Charismatic protestant turns Catholic theologian–and now is Chancellor of the Diocese of Tulsa
An introduction to the Early Church Fathers, a sudden conviction of the importance of studying Latin, and a last-minute conversation over coffee with Fr. Matthew Lamb were the things that led then charismatic protestant Harrison Garlick to find a temporary home at Ave Maria University’s Master’s Program in Theology, and eventually, a much longer-lasting home in the arms of the Catholic Church.
Harrison Garlick went to college at Oral Roberts University in Tulsa, Oklahoma. There, his first interest in the Catholic faith was sparked by a study of the Early Church Fathers. After graduating with a degree in Theological Historical Studies, Garlick, still a protestant, determined that he wanted to pursue graduate studies in Catholic theology. After many online searches, he applied and was accepted to a program—with one small hitch. “I was unexpectedly convinced that Latin was paramount to a solid Catholic education,” he explains. “[T]he university that had accepted me did not teach Latin.”
Hitting the online search engines once again, Garlick discovered a remedy to the situation: he would enroll in Ave Maria’s Summer Intensive Immersion Program in Latin. Before the summer was out, he was convinced he wanted to stay at Ave Maria. He asked to meet with Fr. Matthew Lamb, founder of AMU’s Patrick F. Taylor Graduate Programs in Theology, two weeks before the semester began. “I often wonder what that conversation was like from Father’s Lamb’s perspective,” Garlick thinks back on the occasion. “Here was a kid from Oral Roberts with no formation in philosophy and who would have to learn just as much as he would have to unlearn, asking to enter, at that time, a 64-credit-hour, two-year Master’s, rigorously dedicated to the teachings of St. Thomas Aquinas.”
Fortunately for Garlick, Fr. Lamb welcomed him into the program. “My conversation over coffee with Fr. Lamb is a watershed moment in my life, as my education at Ave led to my conversion and my wife’s conversion.” Feeling welcomed is a common theme in Garlick’s reflections on his time spent studying at AMU. “I have nothing but fond memories of my education in Ave Maria and the community there,” he recalls. There was one instance he brings up in which he and his wife Amy experienced an overabundance of joy and love. After they were both welcomed into the Catholic Church at the Easter Vigil Mass in 2010, there were so many after parties thrown for them that the dinner hosted by Amy’s sponsor didn’t even begin until after midnight. “We felt incredibly welcomed,” Garlick says of that memorable night, “and we felt that the community truly celebrated our coming home to the Catholic Church.”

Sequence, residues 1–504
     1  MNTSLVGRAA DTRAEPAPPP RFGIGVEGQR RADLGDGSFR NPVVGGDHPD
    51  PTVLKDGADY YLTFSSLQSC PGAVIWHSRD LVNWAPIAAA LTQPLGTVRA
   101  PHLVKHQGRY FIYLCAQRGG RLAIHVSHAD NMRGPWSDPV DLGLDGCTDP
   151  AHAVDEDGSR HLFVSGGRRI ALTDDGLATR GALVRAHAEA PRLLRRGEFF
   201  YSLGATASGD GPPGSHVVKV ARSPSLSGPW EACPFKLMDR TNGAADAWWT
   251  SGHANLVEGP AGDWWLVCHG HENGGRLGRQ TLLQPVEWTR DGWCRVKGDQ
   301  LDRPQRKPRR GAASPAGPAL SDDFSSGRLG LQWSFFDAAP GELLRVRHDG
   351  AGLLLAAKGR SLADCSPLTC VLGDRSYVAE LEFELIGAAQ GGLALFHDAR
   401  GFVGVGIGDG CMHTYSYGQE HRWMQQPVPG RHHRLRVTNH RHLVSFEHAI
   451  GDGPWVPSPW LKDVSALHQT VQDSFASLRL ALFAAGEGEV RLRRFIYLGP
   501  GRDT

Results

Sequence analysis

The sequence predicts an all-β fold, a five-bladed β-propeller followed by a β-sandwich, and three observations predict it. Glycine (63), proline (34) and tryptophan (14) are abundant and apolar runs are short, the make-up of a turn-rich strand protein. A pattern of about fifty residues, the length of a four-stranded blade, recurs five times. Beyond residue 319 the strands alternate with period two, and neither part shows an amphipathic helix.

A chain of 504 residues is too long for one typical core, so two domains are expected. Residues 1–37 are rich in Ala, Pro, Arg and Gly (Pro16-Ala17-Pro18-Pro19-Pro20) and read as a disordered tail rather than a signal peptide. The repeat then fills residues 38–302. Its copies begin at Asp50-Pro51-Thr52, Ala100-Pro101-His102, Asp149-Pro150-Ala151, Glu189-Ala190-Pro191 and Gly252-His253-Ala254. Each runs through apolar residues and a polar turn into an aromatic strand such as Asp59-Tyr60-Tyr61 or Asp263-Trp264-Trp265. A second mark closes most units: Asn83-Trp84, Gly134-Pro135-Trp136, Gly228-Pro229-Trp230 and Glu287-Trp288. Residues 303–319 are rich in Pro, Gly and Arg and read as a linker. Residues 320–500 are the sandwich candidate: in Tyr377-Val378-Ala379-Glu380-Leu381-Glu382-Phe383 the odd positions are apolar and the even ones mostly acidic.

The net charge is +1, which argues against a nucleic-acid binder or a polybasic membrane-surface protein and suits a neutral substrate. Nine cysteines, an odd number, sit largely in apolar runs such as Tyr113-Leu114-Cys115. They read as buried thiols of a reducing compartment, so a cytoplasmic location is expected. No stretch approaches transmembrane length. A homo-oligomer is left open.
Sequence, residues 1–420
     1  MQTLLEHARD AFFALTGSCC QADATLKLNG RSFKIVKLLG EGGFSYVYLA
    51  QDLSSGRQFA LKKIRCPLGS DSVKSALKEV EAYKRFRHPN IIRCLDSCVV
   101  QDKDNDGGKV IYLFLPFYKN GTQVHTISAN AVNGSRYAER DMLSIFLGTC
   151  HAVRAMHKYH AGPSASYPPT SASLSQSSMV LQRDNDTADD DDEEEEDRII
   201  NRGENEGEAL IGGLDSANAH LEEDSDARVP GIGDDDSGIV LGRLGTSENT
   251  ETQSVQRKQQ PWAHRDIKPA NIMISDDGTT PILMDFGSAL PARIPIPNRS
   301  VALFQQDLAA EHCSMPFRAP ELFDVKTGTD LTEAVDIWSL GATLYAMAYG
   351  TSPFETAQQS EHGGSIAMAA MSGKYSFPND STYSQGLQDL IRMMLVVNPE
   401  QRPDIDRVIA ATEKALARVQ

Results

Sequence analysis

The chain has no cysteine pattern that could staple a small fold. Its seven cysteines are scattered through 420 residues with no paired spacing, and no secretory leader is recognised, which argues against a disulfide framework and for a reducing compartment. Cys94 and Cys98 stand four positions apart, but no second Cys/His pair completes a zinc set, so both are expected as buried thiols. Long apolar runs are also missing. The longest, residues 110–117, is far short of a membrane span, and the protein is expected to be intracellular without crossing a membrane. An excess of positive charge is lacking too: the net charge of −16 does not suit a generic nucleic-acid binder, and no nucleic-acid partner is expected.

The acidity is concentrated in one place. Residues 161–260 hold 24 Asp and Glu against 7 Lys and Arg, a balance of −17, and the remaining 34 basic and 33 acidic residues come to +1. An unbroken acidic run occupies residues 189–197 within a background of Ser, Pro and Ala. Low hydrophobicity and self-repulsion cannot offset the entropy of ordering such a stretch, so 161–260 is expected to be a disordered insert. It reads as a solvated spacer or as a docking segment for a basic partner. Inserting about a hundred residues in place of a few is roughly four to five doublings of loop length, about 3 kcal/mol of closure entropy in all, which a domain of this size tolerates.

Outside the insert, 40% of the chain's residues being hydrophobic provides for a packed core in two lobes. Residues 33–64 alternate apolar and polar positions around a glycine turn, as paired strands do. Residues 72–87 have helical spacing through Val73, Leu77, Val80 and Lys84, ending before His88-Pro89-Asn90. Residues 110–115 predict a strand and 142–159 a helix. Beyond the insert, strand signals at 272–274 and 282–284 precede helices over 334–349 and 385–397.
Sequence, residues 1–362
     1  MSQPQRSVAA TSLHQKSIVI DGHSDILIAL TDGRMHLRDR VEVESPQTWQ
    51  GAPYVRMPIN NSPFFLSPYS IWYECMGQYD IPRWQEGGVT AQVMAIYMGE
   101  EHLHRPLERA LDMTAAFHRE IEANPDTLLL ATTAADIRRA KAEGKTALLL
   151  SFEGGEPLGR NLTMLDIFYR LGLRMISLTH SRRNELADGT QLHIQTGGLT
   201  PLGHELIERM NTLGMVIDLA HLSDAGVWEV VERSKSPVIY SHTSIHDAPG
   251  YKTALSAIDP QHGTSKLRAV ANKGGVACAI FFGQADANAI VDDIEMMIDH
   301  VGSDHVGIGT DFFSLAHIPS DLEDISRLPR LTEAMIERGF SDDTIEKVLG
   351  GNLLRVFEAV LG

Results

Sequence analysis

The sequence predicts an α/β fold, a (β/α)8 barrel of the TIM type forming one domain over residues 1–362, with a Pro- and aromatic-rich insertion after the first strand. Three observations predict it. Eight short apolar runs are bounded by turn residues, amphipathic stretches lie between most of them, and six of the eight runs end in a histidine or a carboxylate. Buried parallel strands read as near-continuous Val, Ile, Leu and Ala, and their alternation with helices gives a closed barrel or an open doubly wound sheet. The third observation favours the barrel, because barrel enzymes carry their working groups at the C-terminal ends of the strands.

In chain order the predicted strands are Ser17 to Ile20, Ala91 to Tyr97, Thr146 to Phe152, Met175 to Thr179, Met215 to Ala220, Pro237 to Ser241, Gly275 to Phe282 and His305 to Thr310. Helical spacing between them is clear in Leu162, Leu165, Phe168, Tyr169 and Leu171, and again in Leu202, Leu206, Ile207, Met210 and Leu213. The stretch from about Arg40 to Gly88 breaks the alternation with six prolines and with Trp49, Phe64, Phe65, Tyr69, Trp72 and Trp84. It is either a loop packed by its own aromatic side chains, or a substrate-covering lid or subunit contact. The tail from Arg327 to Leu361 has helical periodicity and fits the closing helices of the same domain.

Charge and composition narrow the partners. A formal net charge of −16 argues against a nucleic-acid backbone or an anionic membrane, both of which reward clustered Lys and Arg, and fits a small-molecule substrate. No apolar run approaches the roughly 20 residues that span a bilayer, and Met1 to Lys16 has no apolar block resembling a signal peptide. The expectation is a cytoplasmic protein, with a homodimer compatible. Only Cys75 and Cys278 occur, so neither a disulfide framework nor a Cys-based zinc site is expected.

Garlick graduated from Ave Maria University with a Master’s in Theology in 2011. His thesis, The Demythologization of Modern Politics: Catholic Political Engagement & the Call of Pope Benedict XVI, explored the “myths” of modernity and how faithful Catholics can respond to these myths through political engagement. One of the things he valued most about his studies in the graduate program, besides its being centered on St. Thomas Aquinas’ Summa Theologiae, was the dialogue fostered between ancients and moderns. The experience of gathering together to read and discuss texts that shaped Western culture was for him, quite literally, life changing. “All of my notes from those discussions, and all my notes from the entire program, sit on my shelf in binders in my office. They are a constant source of clarity,” Garlick says.
After graduating from the Master’s Program and working for a year, Garlick attended the University of Tulsa College of Law. He passed the Oklahoma bar and began working at the Chancery in the Diocese of Tulsa under His Excellency Edward Slattery. A week after Garlick began at the Chancery, Bishop Slattery submitted his resignation to Rome. In the following months, a new Vicar General was named, Garlick was named Chancellor, and the Diocese was gifted a new shepherd, Bishop David Konderla.
Through all of this, Garlick has found his graduate studies remain relevant—particularly his thesis research. “Political engagement remains a focus of mine,” Garlick says, “as I serve as in-house counsel to Bishop Konderla and serve as a speaker in the diocese on issues related to virtue, political philosophy, and, especially this year, voting.” In his capacity as Chancellor, Garlick also assists the Vicar General is his duties as Moderator of the Curia, and he supports the departments of Communications, Development, Archives, Religious Formation, and Child & Youth Protection. Over the past year on the job, he has come to realize that all of his work is in the service of Christ. “Whether its addressing a legal issue,” he says, “defusing a situation, or writing policies, the more there is clarity and peace in the local Church the more her ministers can solely focus on forming intentional disciples of Jesus Christ.”
As a final word, Garlick reiterates how grateful he is for receiving the opportunity to pursue graduate studies in Theology at AMU:
It would be difficult to exaggerate the debt I owe to Ave Maria University, her faculty, and to the members of her community. I entered as a protestant wavering back and forth between various philosophies and left a Roman Catholic with a sure foundation in St. Thomas Aquinas and the classical tradition. Everything I have done since then and everything I do now is still informed according to the truth I learned at Ave. The Summa and the dialogue of the ancients and moderns are never far from my mind as I work for the Church. The community too was simply wonderful. To live life surrounded by other disciples of Christ seeking the virtuous life was such a gift, especially to a new Catholic.
Harrison Garlick lives in Tulsa, Oklahoma, with his wife Amy and their daughter Genevieve Marie.